Trout Id

I didn't realize there is so much color variation between stocked and native fish. Do stocked fish eventually become feral and develop different behaviors, feeding preferences and more pronounced colorations? This explains why all the rainbows I caught in Cherokee looked different and more bland than pictures I've seen.
I didn't realize there is so much color variation between stocked and native fish. Do stocked fish eventually become feral and develop different behaviors, feeding preferences and more pronounced colorations? This explains why all the rainbows I caught in Cherokee looked different and more bland than pictures I've seen.
Yes, there is a lot of difference between stockers and wild fish, both in appearance and behavior. A lot of stockers have worn down or missing fins, are pale and washed-out looking colorwise, and are dumb as rocks and very easy to catch. If they survive and stay in the creek for a long time, they will color up some and start to feed and act more like wild trout, and get much more wary.

Typical stocker brook vs. typical wild/native brook:

brook4.jpg

speck6.jpg

Typical stocker rainbow vs. wild, stream-bred rainbows:

rainbow2.jpg

bow1.jpg

bow3.jpg

bow3-2.jpg



Typical stocker brown vs. wild, stream-bred browns:

brown1.jpg

brown6.jpg

brown3.jpg

brown1-2.jpg
 
They had an "accident" a couple years ago with some brooks and browns getting accidentally introduced to each other in the hatchery, as the game warden told me after we caught several stocker tigers out of Snowbird year before last.
I appreciate the warden but that did not happen. It was on purpose.

A.) There is no way eggs would survive in a concrete tank full of hundreds of fish who would eat all of them before we could bat an eye.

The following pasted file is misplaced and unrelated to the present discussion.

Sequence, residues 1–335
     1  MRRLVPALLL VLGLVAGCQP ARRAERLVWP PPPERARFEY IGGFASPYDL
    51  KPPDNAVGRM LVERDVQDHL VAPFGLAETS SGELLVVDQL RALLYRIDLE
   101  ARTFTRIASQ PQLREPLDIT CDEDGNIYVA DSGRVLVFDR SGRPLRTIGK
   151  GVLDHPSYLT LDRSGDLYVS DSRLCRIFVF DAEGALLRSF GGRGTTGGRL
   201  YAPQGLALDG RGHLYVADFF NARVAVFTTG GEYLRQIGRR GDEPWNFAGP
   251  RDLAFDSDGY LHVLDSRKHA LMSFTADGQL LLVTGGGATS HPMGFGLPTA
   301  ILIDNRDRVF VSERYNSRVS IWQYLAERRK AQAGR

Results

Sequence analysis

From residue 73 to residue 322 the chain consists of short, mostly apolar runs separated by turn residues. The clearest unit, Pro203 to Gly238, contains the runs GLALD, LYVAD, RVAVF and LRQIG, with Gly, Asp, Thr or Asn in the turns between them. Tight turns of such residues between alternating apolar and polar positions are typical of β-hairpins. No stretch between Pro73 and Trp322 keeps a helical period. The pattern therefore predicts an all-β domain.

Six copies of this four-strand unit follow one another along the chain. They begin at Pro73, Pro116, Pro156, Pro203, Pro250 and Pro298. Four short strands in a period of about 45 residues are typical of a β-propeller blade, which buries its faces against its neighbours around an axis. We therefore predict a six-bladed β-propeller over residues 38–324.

B.) The hatchery raises 2 types of fish. Triploids which are stocked in the streams but are sterile and won’t reproduce, and broodstock which do reproduce and thus allow the hatchery to carry on the program. The problem is that the harvesting of the egg and milt, and the incubation are done on site by the staff and then placed into a pressure tank (which is what keeps the fertile egg from dumping the 3rd chromosome thus rendering it sterile and helps explain some of the differences between their wild diploid counterpart) until ready for hatching into fingerlings in which they are moved to a different holding tank. In other words, none of the fish that make it into the stream are bred inside the tanks. The hatchery does it all by hand.

So either these Tigers were bred on purpose which is quite cool or they came from a 3rd party hatchery.
 

lampern

CAPTAIN OBVIOUS
As for any tiger trout produced by the state of NC, NC only spawns brook and brown trout.

So why couldn't some tiger trout be produced by accident?
 
As for any tiger trout produced by the state of NC, NC only spawns brook and brown trout.

So why couldn't some tiger trout be produced by accident?
Because the hatchery technicians strip the eggs and milt (sperm) by hand, and fertilize the eggs themselves. There is no accident when you control the outcome.

Like NCHillbilly alluded to earlier, the NCWRC either did it for us angles to catch or it came from another hatchery.
 
Cool catch no matter how it happened. I have managed to catch one in my time in NC.
 
I appreciate the warden but that did not happen. It was on purpose.

A.) There is no way eggs would survive in a concrete tank full of hundreds of fish who would eat all of them before we could bat an eye.

B.) The hatchery raises 2 types of fish. Triploids which are stocked in the streams but are sterile and won’t reproduce, and broodstock which do reproduce and thus allow the hatchery to carry on the program. The problem is that the harvesting of the egg and milt, and the incubation are done on site by the staff and then placed into a pressure tank (which is what keeps the fertile egg from dumping the 3rd chromosome thus rendering it sterile and helps explain some of the differences between their wild diploid counterpart) until ready for hatching into fingerlings in which they are moved to a different holding tank. In other words, none of the fish that make it into the stream are bred inside the tanks. The hatchery does it all by hand.